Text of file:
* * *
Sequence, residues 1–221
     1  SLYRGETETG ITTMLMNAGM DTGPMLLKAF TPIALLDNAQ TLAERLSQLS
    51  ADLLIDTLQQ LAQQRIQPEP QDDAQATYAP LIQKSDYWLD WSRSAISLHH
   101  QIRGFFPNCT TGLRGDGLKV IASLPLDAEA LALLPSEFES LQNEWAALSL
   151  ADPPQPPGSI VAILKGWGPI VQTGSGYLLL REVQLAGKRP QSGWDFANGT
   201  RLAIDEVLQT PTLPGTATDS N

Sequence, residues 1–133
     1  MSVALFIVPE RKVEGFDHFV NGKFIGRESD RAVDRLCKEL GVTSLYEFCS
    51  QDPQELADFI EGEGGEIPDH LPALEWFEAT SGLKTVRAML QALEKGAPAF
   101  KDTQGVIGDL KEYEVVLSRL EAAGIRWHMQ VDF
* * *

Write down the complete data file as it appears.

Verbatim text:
Sequence, residues 1–221
     1  SLYRGETETG ITTMLMNAGM DTGPMLLKAF TPIALLDNAQ TLAERLSQLS
    51  ADLLIDTLQQ LAQQRIQPEP QDDAQATYAP LIQKSDYWLD WSRSAISLHH
   101  QIRGFFPNCT TGLRGDGLKV IASLPLDAEA LALLPSEFES LQNEWAALSL
   151  ADPPQPPGSI VAILKGWGPI VQTGSGYLLL REVQLAGKRP QSGWDFANGT
   201  RLAIDEVLQT PTLPGTATDS N

Sequence, residues 1–133
     1  MSVALFIVPE RKVEGFDHFV NGKFIGRESD RAVDRLCKEL GVTSLYEFCS
    51  QDPQELADFI EGEGGEIPDH LPALEWFEAT SGLKTVRAML QALEKGAPAF
   101  KDTQGVIGDL KEYEVVLSRL EAAGIRWHMQ VDF